Children's edutainment centers (CEdCs), also known as children's play and discovery centers, are growing in popularity as a world-wide phenomenon. CEdCs are based on what is referred to as developmentally appropriate play, mostly hands-on, and are designed to appeal to children 8 years old and younger, accompanied by their parents. CEdCs are the antithesis of amusement-based children's entertainment and eatertainment centers, such as Chuck E. Cheese's, which just about every white-collar parent dislikes. Interestingly, much of CEdCs' growth is occurring in non-traditional leisure channels.
For-profit CEdCs continue to be major area of growth for entrepreneurs. However, public park and recreation departments are now looking at CEdCs not only as a way to serve their constituents, but to generate excess revenues, the same as water parks. About half of all American waterparks are owned and operated by municipalities. Many of these water parks generate operating "income" that helps fund other park and recreation programs. Our company was just awarded a contract by the Lake County Parks Department in Lake County, Illinois, to design and develop a 20,000-square-foot indoor and 2-acre outdoor children's edutainment center in its Three Rivers Park. In 2003, our company completed the market and economic feasibility study that helped Lake County underwrite the municipal bonds that will fund the project.
Scenes from the Children's Play & Discovery Center at Paradise Park,
designed and produced by White Hutchinson.
Children's edutainment centers are also being developed by religious organizations as a part of their outreach and evangelical programs. Our company has been working with Grace Community Bible Church near Houston, Texas, on development of a CEdC, as well as on incorporating children's edutainment concepts into the Sunday school program called Jubilation (learn more at Christian Edutainment).
We were recently retained by a church in northern Virginia to evaluate the development of a CEdC as an outreach program on its new campus. We are also working on the design of an outdoor adventure play garden that is part of the new Meer Family Friendship Center at the Synagogue Campus of Living Judaism near Detroit, Michigan. Friendship Center is being developed to offer special services for children with disabilities, as well as inclusive play and edutainment facilities for children in the area.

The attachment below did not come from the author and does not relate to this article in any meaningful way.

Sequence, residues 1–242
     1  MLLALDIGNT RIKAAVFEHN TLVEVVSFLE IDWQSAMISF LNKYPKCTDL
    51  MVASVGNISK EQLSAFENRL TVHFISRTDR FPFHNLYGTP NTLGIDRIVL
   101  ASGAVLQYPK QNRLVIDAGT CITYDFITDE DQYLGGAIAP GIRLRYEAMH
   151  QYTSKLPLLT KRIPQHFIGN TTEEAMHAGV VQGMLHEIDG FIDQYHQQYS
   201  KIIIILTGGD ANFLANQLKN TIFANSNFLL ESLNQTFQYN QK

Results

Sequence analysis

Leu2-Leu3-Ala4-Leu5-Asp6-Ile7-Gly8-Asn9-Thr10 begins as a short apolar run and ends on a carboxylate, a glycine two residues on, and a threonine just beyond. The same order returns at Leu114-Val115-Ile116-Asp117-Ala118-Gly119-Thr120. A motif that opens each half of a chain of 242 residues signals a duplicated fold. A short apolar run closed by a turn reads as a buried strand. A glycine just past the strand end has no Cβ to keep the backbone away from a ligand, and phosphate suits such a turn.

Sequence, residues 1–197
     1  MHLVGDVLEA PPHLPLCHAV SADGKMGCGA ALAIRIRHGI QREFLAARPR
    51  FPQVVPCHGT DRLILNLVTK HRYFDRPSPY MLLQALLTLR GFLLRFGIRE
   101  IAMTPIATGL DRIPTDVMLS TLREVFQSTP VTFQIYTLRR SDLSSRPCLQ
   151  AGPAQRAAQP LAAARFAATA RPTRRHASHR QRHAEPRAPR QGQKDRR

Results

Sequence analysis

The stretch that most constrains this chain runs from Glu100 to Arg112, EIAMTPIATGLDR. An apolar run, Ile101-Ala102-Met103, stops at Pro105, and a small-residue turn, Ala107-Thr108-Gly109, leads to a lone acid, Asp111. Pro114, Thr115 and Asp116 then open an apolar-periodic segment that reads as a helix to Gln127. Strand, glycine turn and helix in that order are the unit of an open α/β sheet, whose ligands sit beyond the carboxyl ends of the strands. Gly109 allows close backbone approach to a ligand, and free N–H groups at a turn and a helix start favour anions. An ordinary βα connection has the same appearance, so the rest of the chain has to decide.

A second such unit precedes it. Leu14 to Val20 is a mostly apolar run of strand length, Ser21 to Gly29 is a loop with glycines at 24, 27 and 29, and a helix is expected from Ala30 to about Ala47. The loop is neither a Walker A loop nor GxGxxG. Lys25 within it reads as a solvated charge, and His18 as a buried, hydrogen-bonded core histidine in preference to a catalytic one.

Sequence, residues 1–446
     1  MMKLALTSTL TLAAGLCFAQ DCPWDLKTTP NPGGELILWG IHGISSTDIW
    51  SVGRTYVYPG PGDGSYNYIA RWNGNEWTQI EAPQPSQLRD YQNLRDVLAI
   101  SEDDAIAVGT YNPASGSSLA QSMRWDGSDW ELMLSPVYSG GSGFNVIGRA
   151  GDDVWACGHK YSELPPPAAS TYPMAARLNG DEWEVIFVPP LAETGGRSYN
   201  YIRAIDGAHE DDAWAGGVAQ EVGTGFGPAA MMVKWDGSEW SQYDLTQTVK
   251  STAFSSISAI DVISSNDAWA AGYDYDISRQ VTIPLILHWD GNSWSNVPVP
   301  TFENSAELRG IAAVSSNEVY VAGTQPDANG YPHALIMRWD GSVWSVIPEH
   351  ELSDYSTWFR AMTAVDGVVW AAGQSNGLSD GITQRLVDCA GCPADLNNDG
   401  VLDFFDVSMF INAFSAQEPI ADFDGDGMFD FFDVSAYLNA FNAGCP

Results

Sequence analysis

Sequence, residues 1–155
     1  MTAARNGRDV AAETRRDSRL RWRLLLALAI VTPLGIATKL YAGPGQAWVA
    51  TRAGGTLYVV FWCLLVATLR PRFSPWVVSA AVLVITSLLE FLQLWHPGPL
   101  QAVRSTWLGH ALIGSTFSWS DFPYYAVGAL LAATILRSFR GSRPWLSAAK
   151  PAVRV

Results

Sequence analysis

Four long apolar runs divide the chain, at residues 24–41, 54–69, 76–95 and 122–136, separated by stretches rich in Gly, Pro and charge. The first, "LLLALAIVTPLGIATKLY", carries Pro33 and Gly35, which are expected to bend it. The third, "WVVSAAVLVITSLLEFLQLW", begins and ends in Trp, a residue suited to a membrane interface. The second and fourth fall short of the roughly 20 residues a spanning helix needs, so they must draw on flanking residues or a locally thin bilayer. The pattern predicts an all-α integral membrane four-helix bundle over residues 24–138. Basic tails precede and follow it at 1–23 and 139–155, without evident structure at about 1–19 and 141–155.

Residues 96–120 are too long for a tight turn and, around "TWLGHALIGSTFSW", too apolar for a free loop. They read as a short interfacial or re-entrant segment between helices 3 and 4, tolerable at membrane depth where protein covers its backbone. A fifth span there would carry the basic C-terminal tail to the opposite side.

Farmers have also been adopting children's edutainment as a new source of income for their farms. Rather than calling their venues children's edutainment or play and discovery centers, the owners call these agritainment facilities children's discovery farms or children's play & discovery farms. Our company has been fortunate to have worked for perhaps the most successful and oldest children's discovery farm, Davis' Farmland in Sterling, Massachusetts, over the past 10 years. We did their original feasibility study and plans, as well as feasibility and designs for expansions over the years. We recently completed a market and economic feasibility study for Johnson's Corner Farm in Medford, New Jersey, for the addition of a children's play & discovery farm to its popular pick-your-own and country store facility.
Davis' Farmland Children's Discovery Farm, a White Hutchinson client.
CEdCs are not limited to for-profit or income-generating facilities. The non-profit community has also adopted children's edutainment as a way to serve inner-city urban areas. The nonprofit 15,000-square-foot Center for Creative Play, an inclusive play center in Pittsburgh, Pennsylvania, was spearheaded in 1995 by Martha Kaplan, its chief executive, after she was unable to find adequate play facilities for her son, who has serious cognitive and medical challenges. Martha has been successful in funding the center using the concept of social enterprise, which means having a nonprofit conglomerate own the center, with for-profit subsidiaries helping to fund its mission.
CEdCs are also appearing in inner-city community centers. Our company is currently working with a nonprofit social agency in Cleveland, Ohio, that is planning a CEdC as part of a new family and children's center.
The best thing about children's edutainment centers in their various forms is that they bring children opportunities for both indoor and outdoor free play in a society where such opportunities are becoming increasingly scarce. Due to a "culture of fear," parents are more and more afraid to let their children play outside because of crime, ultraviolet rays, insect-born diseases and various forms of pollution. Free play is very important to a child's development, so children's edutainment facilities are filling an important role in today's society.